Now or Later?
Audio Version: Let Me Hear It!
Instant coffee, instant photos, instant underpants (yep, they’re a thing!). Instant gratification has become a cultural norm. But sometimes, waiting can provide greater satisfaction in the long run. For those of you (and/or your spouse) that are offered a Traditional and Roth 401(k) option through work, the decision on which plan to fund essentially comes down to whether you want the income tax benefit now or later. Specifically, does it make more sense to receive a tax deduction this year or tax-free income later? A quick summary of tax benefits and timing for each plan type follows.
How to Choose? If you believe that your tax bracket is higher now than it will be when you expect to withdraw the funds in retirement, then it likely makes more sense to take advantage of the current-year tax deduction you would get by contributing to a Traditional 401(k). If, on the other hand, you believe that your tax bracket is lower now than it will be when you plan to withdraw funds, then you might be better off funding a Roth 401(k).
It’s also important to consider the value of an income tax deduction throughout your working years. Deductions become more valuable as your income goes up. If you are just starting out and believe your income is lower than what it will be in later years (insert prayer emoji here, flesh color of your choice) then the deduction may be more valuable in the future. So, it may make sense (pun intended) to forgo the income tax deduction now with Roth contributions and switch to a Traditional 401(k) in peak earning years. If you’re somewhere in-between, a combination approach may be worth considering. You can contribute to both plans in equal, or unequal amounts, provided your total contributions do not exceed $18k ($24k if age 50+) in 2015.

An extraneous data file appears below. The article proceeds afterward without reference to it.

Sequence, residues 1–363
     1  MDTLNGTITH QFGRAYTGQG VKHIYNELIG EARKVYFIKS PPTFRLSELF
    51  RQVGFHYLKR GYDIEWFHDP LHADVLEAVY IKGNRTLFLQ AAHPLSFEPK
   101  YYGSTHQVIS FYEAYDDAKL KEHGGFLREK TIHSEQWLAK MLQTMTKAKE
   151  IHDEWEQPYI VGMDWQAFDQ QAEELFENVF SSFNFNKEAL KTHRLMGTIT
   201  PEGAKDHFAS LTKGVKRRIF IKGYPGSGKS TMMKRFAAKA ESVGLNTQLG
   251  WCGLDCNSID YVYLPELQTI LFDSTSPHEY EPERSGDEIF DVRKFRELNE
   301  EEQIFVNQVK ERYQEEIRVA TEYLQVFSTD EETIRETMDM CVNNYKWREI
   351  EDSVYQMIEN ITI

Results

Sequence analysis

Before Googling instant underpants, get with your financial advisor to help make the right 401(k) decision for you!